I love Fearow and I find it cute and it is better than Pigeot. :3

I also like Unown because it's useless.

I also like the idea of objects being Pokemon because why not? It's not them running out of ideas, it's them exploring outside the box from animals to other real-life objects. Also, we need a car Pokemon, like the roids from YuGiOh (think Rescueroid or Expressroid).

Klingklang looks awesome and I like the concept of taking existing Pokemon and adding to them as evolutions.

Vanilluxe is also awesome. I just love the idea of ice cream becoming scoop and then a sundae.

I don't know what people think about Palossand and Sandygast, but I like them for the same idea of being "objects". That rotting seaweed anchor Dhelmise mon is great too. Same with Aegislash and Chandelure. Funny, seems like we got quite a bit of ghost Pokemon being objects. Heck we got Rotom formes, and I think that lawn mower Rotom is the closest thing to a proper car Pokemon.
While I don't think it's cuter, I do like Fearow and see it as a the "darker" counterpart to Pidgeot. I like it gets Drill Run which gives it a surprising amount of utility as Drill Run is super effective against two of its major weaknesses, Rock and Electric.

Unown I feel they could do more with, if not improve themselves but can be used to improve other Pokemon. Like each letter is associated with a word, may associate an Ability with that word and maybe have it able to give other Pokemon that Ability. Or it has a held Item that make its stronger the more Unown you have in your party.

I also like the object Pokemon as it shows Pokemon can be more than just animals or mythical creatures (though you can argue the object Pokemon are based on the Tsukumogami). And while some are certainly a bit bland and would maybe work better if the idea was combined with an animal, at the same time it is interesting to see how they turn just a plain object into a "living" creature. People say Pokemon is running out of ideas/unimaginative turning ice cream, gears, garbage, candle, keyring, sword, lei, sand castle, and anchor into a Pokemon... but wouldn't it be more them running out of ideas/unimaginative if they turned all the well known animals into Pokemon?

On the topic of Pokemon based on inanimate objects, as much as I hate the Rotomdex, I do like its features.
Problem with Rotom Dex isn't the features it offers, it's that it DOESN'T SHUT UP! Rotom Dex is a neat idea in theory but in execution didn't land. It feels like it needs to comment on everything, when talking it blocks out the map and have to wait till its done to read the map again, Roto Loto takes a bit longer than it should to give a reward (if you can't influence what you get why bother with the slot machine spinner?), and it has limited amount of dialogue for certain things. The last point in particular is a major problem as post game you'll quickly begin seeing the same comments and asked the same questions over and over again as it no longer has any story-based dialogue to give and by then maxed out on its friendship. Small things could be done to make it better: (1.) Instead of talking whenever it wants there's a corner button that'll glow for a short while you can press to let it talk, (2.) can cancel out of it's talking, (3.) make Roto Loto more instant if you can't control what you get, and (4.) give it more idle dialogue and questions (like Rotom Dex should have nearly a hundred questions it can ask and there's plenty of characters and locations it can make comments on (revealing trivia and what that character is up to the process)).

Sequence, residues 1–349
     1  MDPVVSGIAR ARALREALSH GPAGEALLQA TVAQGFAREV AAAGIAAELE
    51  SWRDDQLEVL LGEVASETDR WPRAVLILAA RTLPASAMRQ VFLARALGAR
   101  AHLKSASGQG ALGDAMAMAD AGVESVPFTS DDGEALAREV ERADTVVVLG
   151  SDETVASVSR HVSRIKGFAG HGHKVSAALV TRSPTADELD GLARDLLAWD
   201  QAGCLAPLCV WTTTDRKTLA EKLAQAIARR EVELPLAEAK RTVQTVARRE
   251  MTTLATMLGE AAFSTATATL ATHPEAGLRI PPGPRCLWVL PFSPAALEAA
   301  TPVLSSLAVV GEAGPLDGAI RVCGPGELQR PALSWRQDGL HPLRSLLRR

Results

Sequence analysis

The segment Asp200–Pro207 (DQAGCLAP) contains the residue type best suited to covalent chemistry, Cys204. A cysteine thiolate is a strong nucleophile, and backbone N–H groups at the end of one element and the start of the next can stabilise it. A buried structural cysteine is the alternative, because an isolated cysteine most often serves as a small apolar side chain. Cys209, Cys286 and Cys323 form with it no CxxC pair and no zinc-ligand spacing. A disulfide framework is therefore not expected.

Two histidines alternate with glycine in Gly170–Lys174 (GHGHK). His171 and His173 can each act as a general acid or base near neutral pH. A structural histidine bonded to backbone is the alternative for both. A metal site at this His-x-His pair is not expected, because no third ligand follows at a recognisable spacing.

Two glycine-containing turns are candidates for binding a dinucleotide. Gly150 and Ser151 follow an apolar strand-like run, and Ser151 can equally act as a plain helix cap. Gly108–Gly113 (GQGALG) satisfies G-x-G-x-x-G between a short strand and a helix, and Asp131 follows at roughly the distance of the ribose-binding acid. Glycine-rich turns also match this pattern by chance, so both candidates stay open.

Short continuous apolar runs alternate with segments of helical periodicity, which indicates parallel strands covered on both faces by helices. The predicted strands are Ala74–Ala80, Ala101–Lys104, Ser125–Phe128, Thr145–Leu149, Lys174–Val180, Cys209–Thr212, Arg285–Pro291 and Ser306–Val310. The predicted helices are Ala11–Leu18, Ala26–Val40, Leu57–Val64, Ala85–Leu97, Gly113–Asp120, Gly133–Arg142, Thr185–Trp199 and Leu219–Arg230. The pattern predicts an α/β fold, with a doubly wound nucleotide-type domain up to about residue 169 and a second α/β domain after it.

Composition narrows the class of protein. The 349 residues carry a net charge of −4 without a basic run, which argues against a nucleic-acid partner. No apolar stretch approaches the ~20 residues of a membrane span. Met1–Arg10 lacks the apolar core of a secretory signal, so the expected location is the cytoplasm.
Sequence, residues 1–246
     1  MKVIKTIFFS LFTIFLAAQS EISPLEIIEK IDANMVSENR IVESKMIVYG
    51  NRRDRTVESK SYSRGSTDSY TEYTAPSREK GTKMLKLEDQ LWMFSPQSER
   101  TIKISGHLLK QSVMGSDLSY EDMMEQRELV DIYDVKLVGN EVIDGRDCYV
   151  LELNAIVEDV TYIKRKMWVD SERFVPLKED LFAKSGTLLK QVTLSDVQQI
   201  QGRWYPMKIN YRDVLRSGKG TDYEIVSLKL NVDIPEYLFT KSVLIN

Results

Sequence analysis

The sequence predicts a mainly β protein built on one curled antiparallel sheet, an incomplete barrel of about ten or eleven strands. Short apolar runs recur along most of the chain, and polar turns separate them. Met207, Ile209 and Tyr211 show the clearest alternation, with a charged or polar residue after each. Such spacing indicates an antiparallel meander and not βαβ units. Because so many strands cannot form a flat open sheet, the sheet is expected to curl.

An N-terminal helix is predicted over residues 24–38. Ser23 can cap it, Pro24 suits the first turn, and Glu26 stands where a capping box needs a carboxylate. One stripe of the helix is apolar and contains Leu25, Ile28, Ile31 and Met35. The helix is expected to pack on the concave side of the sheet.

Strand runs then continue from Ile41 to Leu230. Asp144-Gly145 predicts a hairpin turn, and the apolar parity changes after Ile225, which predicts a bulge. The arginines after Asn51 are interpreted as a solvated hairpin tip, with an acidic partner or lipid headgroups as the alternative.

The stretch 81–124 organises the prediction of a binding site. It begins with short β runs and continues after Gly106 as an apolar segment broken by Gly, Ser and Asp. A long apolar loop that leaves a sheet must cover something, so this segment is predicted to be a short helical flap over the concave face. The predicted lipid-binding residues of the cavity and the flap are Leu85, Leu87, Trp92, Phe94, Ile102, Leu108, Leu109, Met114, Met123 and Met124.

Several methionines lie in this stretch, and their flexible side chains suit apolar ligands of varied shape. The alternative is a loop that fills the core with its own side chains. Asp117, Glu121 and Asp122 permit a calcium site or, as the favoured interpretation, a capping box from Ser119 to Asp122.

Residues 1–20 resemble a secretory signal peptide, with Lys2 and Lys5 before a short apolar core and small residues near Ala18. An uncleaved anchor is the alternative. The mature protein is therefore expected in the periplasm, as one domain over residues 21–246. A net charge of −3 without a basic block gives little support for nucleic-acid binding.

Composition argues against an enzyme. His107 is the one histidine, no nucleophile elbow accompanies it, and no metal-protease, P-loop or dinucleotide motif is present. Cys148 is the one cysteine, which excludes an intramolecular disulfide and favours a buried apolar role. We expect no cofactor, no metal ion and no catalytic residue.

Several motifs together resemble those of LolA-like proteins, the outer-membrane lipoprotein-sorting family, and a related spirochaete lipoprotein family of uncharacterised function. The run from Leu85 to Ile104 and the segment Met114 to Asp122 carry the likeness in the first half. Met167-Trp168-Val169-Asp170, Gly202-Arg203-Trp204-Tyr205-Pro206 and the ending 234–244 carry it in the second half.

I know it makes more sense that Pigeot gets one rather than Fearow as Pigeot is simply more immediately recognizable by appearing as one of the first Pokemon you can get. I'm just wishing Fearow got something, and I do hope Dodrio gets something because Dodrio got hit by the power creep pretty hard. And also... same with Tauros.
I also feel they should also make the base Pokemon better. They've been steadily increasing stats of older gen Pokemon but it's only by a handful of points and they wait until the next generation until they do more. Not to mention I feel some Pokemon just need a complete stat redo (ones that come to mind are Flareon and Ledyba family (just make them a physical version of the Cutiefly family, Ledian being Bug/Fighting)). I feel they should have a team, even if its only temporary, that solely focuses on bringing older gen Pokemon's stats, stat spread, and movepools up to current way they design new Pokemon.

I'm not saying there should be no story, but I think story should just be a vehicle to move gameplay along, so something very easily understood and you don't have to think much about the plot details and all.
That sounds really boring if the story is something you don't have to think about. There might as well not be a story or at least very little of it.

Sadly Pokemon is sort of stuck in the middle on the two camps: those who want an involved story and another who just want to blast through the main game to get to the post game & competitive stuff. And sadly I don't know if there's a way to appease both sides unless they REALLY focus on version differences and make one version story heavy and the other the story is there but essentially summarized (but that would be a nightmare to market I imagine).